post #7 of 13
Originally Posted by achronic View Post
I'm not trying to be argumentative, but do kids truly have to have some punishment order to be taught to listen and respect basic limits? That can't be the only thing that works?
Perhaps there are some kids who follow all expectations perfectly and thus never have to face the consequences of not doing so. However, I have never encountered any of them.

I guess that I really don't see time-outs as punishments. Spending a few minutes alone to cool down or come to the understanding that he or she has disturbed the harmony of the home or broken an important rule is just that - a small time away. Kids need structure and they need expectations. They need to know that when expectations are violated and respect is not shown, yes, there will be a consequence. And from your description of your kids' behavior, that is something they need, rather badly.

As I see it, you are willing to impose a few natural consequences. But you are correct: there are some things for which natural consequences are not always obvious, like your kids jumping on the couch. To me, mistreating the furniture is a very big deal. It shows a lack of respect for the home, the place we all live. For something like that, I see nothing wrong with a time-out.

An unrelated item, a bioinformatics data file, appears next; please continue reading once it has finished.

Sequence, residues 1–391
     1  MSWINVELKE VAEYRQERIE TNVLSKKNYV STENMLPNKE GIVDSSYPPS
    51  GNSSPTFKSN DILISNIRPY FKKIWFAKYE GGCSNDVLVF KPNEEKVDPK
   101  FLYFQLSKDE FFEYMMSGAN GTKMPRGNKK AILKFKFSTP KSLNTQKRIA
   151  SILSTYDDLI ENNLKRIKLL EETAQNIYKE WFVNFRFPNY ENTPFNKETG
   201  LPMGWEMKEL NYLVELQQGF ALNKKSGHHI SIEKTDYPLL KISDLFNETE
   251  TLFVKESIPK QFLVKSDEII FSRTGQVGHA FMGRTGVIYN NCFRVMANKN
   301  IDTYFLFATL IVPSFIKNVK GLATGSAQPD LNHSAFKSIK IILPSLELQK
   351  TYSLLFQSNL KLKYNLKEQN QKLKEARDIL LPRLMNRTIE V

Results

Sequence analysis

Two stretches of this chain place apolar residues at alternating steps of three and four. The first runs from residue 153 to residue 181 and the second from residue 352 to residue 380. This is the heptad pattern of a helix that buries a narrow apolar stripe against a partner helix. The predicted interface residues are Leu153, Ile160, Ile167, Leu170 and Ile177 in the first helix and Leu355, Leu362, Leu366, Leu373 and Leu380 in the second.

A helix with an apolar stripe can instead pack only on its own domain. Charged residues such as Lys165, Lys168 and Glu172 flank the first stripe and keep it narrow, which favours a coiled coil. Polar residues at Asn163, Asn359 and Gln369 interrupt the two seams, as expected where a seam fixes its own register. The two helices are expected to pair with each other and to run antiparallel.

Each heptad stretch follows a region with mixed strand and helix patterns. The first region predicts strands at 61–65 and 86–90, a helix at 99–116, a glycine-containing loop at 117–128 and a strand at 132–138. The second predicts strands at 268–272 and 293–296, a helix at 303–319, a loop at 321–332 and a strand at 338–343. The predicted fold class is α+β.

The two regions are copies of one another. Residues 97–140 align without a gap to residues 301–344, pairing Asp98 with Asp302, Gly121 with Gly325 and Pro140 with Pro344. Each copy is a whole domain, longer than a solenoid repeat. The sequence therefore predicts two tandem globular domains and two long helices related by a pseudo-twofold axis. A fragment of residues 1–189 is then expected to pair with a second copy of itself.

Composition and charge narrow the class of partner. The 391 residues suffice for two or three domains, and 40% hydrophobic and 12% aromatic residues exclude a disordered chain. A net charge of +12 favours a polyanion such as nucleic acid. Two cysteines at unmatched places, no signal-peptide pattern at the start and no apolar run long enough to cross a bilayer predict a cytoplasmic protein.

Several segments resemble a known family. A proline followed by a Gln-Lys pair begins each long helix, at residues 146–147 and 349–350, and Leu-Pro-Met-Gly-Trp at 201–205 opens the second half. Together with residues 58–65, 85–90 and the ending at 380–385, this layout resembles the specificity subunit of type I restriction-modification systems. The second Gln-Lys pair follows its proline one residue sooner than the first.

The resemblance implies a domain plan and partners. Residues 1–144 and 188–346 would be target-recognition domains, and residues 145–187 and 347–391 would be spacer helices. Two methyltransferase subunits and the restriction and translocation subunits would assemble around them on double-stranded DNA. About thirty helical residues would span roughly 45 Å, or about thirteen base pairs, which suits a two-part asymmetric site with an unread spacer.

It seems fairly clear that your kids have figured out that there are a whole range of behaviors they can happily indulge in without the slightest consequence except their mother raising her voice, and that when this happens, it means nothing at all. You are correct that your expectations of your kids are not unrealistic - not at all. They should absolutely not be ignoring you. But there is only one way for that to stop, and that's for you to set some limits.

I highly recommend this book. It's a very gentle and positive, yet straight-talking (no woo): The Secret of Parenting: how to be in charge of today's kids without threats or punishment by Anthony Wolfe.


Best of luck.
post #8 of 13
Originally Posted by zinemama View Post
Perhaps there are some kids who follow all expectations perfectly and thus never have to face the consequences of not doing so. However, I have never encountered any of them.
My DD is a normal child, well actually a bit high energy and intense, so not one who follows expectations perfectly. Using modeling, redirection, and discussion as your main discipline tools instead of punishment may take longer to get compliance, but you have a child who is choosing an appropriate behavior because it's appropriate and not out of fear of some arbitrary consequence. Our parenting goals are for DD to be able to make good choices, even when no ones watching. And punishment even mild ones like time outs can cause anger and more of a avoidance of getting in trouble instead of choosing appropriate behavior.

I like How to Talk So Kids Will Listen & Listen So Kids Will Talk by Adele Faber and Kids, Parents, and Power Struggles: Winning for a Lifetime by Mary Kurcinka.
post #9 of 13
Kids are SO different.

One of my children handles direction very well and needs little to no consequences, whereas two others almost REQUIRE consequences in order to learn anything. I can talk till I'm blue in the face to these two and it means nothing. A consequence, however, does.